Automated trucks are coming. And it’s a big deal.
When Americans talk about “robots taking our jobs,” they’re usually referring to factory work.
That’s because we don’t have self-driving trucks yet.
Truck driving is one of the occupations most vulnerable to automation, and one of the most common. That combination, many believe, represents one of the largest eventual threats to the American economy.
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There are 1.8 million truck drivers in the U.S., making it one of the largest occupations in the country. There are tens of thousands of truck drivers in most major metropolitan areas.
Some economies rely on truck driving more than others: In Omaha, 2.8% of people who have jobs are truckers. In Joplin, Mo., it’s 5.6%. The threat of losing those jobs over the next decade is real: Last fall a truck full of beer in Colorado made the first fully automated delivery.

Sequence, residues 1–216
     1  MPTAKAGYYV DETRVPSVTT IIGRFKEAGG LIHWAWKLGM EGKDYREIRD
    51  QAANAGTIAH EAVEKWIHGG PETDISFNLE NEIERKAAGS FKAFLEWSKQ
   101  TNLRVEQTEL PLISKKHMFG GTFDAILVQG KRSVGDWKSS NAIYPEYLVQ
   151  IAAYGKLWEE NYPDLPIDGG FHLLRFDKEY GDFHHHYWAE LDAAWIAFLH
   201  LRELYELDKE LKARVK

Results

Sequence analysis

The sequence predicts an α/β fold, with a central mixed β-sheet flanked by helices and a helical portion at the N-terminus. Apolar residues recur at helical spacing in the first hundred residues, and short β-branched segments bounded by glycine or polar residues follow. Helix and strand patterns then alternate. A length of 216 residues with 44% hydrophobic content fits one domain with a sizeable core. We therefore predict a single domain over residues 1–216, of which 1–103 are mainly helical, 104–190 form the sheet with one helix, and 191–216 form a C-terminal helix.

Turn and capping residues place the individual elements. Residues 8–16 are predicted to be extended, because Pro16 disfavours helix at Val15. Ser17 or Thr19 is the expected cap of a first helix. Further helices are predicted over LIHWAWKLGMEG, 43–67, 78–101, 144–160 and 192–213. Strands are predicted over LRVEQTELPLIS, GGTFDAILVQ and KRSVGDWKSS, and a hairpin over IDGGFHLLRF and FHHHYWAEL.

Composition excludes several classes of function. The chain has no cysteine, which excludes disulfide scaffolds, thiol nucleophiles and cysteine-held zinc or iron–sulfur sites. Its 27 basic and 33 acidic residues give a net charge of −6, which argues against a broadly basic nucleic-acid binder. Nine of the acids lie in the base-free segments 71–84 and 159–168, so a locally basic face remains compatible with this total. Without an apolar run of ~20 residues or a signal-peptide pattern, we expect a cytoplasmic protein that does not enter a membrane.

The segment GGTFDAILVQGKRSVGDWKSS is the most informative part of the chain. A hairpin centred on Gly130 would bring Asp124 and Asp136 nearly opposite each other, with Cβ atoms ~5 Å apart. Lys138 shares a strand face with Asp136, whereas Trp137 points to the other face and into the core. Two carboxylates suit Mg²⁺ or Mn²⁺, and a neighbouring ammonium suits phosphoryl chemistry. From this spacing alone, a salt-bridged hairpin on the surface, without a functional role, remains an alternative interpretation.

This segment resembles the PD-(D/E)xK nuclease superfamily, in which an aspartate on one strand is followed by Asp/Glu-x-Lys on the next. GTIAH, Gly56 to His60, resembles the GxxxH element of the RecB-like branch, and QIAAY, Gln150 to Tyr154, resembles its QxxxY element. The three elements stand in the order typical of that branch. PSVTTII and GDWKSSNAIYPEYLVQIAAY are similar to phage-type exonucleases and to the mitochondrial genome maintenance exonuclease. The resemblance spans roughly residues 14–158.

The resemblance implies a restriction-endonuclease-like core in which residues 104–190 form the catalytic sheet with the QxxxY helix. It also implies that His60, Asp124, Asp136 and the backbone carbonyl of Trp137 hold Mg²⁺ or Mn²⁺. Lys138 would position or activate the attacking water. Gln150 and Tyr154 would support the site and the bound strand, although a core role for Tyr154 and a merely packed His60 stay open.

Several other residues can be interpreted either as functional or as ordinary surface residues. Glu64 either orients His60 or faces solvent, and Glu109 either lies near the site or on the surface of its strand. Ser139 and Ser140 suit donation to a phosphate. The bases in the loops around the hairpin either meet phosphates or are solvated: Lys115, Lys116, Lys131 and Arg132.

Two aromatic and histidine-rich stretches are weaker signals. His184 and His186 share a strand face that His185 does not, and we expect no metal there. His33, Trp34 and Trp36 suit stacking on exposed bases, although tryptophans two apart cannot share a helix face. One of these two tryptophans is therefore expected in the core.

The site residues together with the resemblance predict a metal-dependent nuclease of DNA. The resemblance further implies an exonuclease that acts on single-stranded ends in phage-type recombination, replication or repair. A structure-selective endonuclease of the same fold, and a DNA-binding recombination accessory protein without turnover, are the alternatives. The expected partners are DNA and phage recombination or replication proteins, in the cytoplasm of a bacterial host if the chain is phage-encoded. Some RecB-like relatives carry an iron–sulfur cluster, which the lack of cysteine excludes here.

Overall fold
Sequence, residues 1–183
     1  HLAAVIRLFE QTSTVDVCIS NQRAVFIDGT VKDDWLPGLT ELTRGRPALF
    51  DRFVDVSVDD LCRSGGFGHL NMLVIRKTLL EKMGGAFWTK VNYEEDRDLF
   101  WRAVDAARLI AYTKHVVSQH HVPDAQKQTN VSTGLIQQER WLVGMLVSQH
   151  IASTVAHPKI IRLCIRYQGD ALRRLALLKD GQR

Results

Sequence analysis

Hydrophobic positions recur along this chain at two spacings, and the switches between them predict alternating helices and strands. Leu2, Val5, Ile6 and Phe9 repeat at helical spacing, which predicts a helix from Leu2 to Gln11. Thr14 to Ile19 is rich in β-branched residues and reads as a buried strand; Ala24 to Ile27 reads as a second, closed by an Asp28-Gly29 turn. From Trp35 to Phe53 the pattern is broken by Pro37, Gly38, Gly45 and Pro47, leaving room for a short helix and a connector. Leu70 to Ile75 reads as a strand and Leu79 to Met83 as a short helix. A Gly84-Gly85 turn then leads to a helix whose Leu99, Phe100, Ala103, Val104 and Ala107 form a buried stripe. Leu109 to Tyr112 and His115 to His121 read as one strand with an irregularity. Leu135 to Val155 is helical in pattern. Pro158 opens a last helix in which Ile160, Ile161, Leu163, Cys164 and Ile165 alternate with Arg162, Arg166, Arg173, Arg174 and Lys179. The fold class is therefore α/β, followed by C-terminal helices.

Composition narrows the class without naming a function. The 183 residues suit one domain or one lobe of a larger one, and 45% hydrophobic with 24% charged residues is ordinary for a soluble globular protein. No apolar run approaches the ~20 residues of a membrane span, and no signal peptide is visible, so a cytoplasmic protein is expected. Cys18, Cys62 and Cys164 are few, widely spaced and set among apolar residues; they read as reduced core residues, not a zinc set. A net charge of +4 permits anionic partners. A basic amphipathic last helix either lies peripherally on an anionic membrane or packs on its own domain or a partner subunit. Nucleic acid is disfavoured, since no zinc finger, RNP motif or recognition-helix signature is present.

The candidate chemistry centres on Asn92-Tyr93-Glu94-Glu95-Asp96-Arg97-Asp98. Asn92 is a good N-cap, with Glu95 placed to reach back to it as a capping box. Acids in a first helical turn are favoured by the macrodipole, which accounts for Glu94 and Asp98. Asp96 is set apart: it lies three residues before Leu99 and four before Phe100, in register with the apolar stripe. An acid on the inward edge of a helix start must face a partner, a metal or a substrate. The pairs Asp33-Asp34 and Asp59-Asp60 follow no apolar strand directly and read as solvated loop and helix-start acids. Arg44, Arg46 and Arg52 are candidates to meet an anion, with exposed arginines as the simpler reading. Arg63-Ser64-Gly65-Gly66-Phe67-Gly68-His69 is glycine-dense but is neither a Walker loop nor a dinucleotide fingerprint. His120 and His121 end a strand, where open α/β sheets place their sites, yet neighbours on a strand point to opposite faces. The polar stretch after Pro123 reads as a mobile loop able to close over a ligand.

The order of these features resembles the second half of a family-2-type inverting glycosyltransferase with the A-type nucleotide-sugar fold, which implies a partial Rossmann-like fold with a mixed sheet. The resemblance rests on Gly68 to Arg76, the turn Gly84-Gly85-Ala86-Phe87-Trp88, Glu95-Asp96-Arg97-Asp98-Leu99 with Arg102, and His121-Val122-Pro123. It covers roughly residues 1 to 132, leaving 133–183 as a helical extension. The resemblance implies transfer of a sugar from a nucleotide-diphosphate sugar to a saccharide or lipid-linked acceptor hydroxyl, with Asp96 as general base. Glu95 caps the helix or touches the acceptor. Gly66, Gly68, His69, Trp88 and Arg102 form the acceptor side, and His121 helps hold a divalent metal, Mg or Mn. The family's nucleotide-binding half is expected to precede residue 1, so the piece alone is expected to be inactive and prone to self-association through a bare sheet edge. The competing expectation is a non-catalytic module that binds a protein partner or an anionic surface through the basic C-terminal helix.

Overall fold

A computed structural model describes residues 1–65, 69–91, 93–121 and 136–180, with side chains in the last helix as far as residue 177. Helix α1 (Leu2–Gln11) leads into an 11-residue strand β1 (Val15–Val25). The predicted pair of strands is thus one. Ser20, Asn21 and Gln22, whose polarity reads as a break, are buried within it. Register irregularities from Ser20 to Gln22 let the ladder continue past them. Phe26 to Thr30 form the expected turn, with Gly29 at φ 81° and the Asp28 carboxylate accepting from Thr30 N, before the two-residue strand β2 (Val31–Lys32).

Here, a list of the metros—small and large—where the largest percentage of workers are truckers according to Bureau of Labor Statistics data:
- Joplin, Mo.: 5.6% (4,300 truck drivers)
- Fayetville, N.C.: 4.2% (9,820 truck drivers)
- Midland, Texas: 4.2% (3,620 truck drivers)
- Fort Smith, Ark.: 3.9% (4,240 truck drivers)
- Greeley, Co.: 3.5% (3,410 truck drivers)
Honorable mention: Memphis: 2.3% (14,420 truck drivers)
A version of this article appears in the May 1, 2017 issue of Fortune with the headline “Long-Haul Trucking U.S.A.”